Small packets the size of your finger can be found in most automotive electrical sections at a car parts store. Silicone retains its viscosity from -40F to over 300F http://www.w8ji.com/dielectric_grease_v ... grease.htm

http://endless-sphere.com/forums/viewto ... 34#p904590
Image

From Fechter:
Some throttles will sort of short out if they get too wet inside. Where the cable enters the throttle body, there is often a small plate held on with a screw that can be removed to gain access to the wire connections inside. The actual hall sensor is waterproof, but the 3 wires going into it are often exposed and can be bridged by a drop of water, causing the motor to run with the throttle at zero. If you can seal the area between the hall sensor and the 3 wires, the whole thing should be submergible. I used a little fingernail polish to soak the area. Runny epoxy would be good too.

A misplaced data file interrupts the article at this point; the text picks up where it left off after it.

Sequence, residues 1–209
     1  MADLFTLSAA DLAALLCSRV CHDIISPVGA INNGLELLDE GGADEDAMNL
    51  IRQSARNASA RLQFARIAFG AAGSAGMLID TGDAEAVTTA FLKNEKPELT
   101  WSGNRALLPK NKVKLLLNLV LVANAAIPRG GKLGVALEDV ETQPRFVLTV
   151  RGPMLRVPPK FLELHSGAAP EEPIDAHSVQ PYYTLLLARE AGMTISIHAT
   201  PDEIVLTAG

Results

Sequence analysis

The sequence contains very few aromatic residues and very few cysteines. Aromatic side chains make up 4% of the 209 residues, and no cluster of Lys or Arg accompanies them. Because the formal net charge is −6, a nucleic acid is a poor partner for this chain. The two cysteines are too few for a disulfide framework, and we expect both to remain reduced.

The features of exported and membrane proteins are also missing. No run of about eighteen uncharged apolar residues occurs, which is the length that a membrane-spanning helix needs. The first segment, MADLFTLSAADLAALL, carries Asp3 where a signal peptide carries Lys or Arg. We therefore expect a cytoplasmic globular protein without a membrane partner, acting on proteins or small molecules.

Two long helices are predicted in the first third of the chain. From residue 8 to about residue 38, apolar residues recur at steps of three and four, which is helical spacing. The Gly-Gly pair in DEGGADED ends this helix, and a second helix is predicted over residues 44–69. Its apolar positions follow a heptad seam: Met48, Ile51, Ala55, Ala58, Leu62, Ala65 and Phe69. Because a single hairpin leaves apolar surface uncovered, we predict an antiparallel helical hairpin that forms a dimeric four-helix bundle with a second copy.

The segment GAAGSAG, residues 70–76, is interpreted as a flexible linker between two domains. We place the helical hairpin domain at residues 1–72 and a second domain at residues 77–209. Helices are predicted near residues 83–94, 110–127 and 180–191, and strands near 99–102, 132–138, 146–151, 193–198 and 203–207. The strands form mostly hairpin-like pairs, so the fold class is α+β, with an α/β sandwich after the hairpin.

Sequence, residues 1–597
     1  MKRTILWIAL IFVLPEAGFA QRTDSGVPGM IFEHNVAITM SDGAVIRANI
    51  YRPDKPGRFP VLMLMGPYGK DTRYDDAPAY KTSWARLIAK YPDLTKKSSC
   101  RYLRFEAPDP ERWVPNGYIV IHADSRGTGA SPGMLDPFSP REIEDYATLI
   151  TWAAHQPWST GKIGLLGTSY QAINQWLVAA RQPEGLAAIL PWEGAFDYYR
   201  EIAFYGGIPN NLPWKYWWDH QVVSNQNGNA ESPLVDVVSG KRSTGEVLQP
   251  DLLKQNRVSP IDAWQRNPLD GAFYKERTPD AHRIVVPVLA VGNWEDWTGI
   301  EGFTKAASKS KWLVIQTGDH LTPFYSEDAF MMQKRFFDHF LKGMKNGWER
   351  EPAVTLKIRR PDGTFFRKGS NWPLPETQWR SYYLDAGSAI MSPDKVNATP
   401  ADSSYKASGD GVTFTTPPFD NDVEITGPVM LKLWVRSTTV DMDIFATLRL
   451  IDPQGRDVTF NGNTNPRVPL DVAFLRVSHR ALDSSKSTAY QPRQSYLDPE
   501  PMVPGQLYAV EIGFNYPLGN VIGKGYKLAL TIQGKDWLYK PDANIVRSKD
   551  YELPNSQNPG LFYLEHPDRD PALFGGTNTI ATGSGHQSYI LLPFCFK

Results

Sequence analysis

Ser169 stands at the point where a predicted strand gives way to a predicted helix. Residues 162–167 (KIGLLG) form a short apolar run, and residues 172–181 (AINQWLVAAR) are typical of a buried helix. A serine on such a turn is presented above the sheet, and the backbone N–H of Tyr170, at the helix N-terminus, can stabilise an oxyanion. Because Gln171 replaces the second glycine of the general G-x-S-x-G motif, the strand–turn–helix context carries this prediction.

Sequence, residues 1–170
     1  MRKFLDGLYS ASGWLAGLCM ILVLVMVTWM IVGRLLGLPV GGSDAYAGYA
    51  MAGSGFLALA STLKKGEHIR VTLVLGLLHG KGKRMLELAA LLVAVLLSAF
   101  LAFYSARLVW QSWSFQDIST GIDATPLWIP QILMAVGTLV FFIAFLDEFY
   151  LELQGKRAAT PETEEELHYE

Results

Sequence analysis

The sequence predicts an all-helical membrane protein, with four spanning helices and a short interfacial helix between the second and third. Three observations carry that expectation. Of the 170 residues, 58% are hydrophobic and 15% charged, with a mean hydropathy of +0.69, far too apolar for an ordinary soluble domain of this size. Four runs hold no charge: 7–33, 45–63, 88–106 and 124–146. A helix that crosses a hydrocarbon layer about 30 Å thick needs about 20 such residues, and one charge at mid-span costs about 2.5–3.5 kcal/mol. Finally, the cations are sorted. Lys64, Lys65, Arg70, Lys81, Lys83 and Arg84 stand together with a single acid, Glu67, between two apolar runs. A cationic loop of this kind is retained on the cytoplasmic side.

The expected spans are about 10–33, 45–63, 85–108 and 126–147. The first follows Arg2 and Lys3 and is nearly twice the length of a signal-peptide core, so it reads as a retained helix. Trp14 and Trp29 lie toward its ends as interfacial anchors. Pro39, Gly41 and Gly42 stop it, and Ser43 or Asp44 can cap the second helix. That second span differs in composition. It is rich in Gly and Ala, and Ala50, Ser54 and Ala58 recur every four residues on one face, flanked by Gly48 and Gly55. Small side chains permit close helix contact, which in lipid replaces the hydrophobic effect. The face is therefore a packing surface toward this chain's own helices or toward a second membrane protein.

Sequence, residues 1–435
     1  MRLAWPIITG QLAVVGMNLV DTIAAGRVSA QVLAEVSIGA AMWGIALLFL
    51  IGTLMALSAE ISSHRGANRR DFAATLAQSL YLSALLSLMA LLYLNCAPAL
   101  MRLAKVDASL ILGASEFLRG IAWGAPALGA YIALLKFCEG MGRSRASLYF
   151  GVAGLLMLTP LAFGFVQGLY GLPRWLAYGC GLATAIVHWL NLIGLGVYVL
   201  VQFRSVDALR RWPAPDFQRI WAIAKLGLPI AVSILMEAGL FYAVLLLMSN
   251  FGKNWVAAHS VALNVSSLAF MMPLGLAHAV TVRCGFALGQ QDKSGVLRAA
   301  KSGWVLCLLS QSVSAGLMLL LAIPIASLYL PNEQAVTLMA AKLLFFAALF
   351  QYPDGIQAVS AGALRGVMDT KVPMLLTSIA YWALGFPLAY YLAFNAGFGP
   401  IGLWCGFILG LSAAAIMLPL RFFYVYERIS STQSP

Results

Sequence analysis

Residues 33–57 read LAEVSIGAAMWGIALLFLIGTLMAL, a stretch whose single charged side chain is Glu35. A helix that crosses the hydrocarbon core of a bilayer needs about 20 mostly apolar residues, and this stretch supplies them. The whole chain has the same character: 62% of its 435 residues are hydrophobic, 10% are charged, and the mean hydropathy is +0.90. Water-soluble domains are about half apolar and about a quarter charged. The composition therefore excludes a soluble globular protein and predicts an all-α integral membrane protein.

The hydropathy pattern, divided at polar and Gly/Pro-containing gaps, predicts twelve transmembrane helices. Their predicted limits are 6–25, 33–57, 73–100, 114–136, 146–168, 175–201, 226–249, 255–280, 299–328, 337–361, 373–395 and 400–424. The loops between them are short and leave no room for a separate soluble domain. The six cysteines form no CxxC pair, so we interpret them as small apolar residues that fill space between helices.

____________________________________________________
Hub motors

Water gets into hub motors and causes rust, even if it is just from humidity. E-bikes in rainy and humid weather are encouraged to dis-assemble their hub-motors and coat the insides with some type of rust-proofing. An interesting side note is that in the thread about ventilating a hubmotors side-plates to let out the built up heat (to allow more amps), it was noted that when the stator gets hot, any moisture evaporates and easily leaves through the vent holes, so...it's apparently just as important to create an available exit for moisture as well as trying to keep it out?
http://endless-sphere.com/forums/viewto ... 25#p537517
http://endless-sphere.com/forums/viewto ... 50#p550168

http://endless-sphere.com/forums/viewto ... 75#p545662
Image